THE JAZZ SINGER is a landmark of American cinema: it was the first full-length Hollywood feature film in which dialogue was spoken as part of the film’s action. Eddie Cantor turned down the lead role, which instead went to Al Jolson. In his most famous performance, he introduced one song with the words: “Wait a minute, wait a minute. You ain’t heard nothin’ yet!” In 1996, The Jazz Singer, which won an Oscar for production, was selected for preservation in the US Library of Congress’s National Film Registry of “culturally, historically or aesthetically significant” motion pictures. Al Jolson, who died on 23 October 1950, is seen above with May McAvoy.
Picture: Rex Features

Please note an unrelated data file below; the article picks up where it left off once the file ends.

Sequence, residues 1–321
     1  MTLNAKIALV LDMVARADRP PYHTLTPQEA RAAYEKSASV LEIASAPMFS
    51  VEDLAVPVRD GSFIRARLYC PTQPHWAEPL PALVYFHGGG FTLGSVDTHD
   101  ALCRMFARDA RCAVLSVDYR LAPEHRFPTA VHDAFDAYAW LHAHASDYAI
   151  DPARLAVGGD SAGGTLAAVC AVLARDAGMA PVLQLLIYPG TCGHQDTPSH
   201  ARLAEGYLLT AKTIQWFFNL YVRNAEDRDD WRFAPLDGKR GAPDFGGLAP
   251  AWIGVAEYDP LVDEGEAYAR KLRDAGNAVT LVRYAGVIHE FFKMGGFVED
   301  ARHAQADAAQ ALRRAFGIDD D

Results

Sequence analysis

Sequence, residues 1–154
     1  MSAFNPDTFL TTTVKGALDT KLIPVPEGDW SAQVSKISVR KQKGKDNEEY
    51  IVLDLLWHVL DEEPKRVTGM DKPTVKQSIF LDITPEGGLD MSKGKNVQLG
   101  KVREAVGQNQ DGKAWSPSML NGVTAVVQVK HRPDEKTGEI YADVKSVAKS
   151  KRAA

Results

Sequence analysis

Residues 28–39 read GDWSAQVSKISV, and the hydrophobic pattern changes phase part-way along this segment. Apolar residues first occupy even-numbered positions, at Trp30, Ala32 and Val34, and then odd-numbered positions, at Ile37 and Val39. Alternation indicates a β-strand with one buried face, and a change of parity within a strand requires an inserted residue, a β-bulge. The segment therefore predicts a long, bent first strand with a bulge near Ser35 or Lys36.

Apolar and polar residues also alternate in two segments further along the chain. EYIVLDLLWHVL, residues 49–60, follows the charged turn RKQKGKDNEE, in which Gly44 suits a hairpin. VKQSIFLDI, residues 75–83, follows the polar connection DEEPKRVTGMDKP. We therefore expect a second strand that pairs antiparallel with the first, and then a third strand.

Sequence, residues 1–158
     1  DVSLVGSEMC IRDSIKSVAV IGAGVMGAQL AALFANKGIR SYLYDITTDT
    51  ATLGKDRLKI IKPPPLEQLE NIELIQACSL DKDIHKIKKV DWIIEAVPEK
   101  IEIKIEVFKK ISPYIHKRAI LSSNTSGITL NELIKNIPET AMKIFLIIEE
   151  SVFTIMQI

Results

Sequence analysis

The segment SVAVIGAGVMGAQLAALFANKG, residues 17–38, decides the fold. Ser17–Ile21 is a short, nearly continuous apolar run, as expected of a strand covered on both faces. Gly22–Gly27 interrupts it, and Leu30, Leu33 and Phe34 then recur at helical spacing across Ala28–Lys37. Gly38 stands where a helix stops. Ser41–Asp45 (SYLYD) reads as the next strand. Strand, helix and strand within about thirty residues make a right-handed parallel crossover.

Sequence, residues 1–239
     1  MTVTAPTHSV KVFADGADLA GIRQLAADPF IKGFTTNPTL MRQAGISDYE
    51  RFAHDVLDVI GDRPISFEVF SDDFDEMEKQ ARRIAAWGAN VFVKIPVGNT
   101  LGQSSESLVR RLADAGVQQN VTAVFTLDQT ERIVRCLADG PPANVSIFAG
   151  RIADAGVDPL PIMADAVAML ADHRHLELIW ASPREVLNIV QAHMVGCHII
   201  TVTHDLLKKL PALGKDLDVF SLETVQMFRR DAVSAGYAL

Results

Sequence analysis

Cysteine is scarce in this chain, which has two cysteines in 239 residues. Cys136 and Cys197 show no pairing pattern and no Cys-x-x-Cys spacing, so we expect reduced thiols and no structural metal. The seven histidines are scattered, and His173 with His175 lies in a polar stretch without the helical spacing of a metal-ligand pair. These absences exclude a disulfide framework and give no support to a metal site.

BLUES IN THE NIGHT was described by Simpsons creator Matt Groening as “the most delirious Hollywood movie I’ve ever seen.” The unforgettable title song was nominated for an Oscar and proved to be so successful that the film’s title was changed from Hot Nocturne to Blues in the Night just prior to release. The Harold Arlen-Johnny Mercer score includes This Time the Dream’s on Me, and the film features a charismatic Richard Whorf and Priscilla Lane as the jazz musicians seeking their big break.
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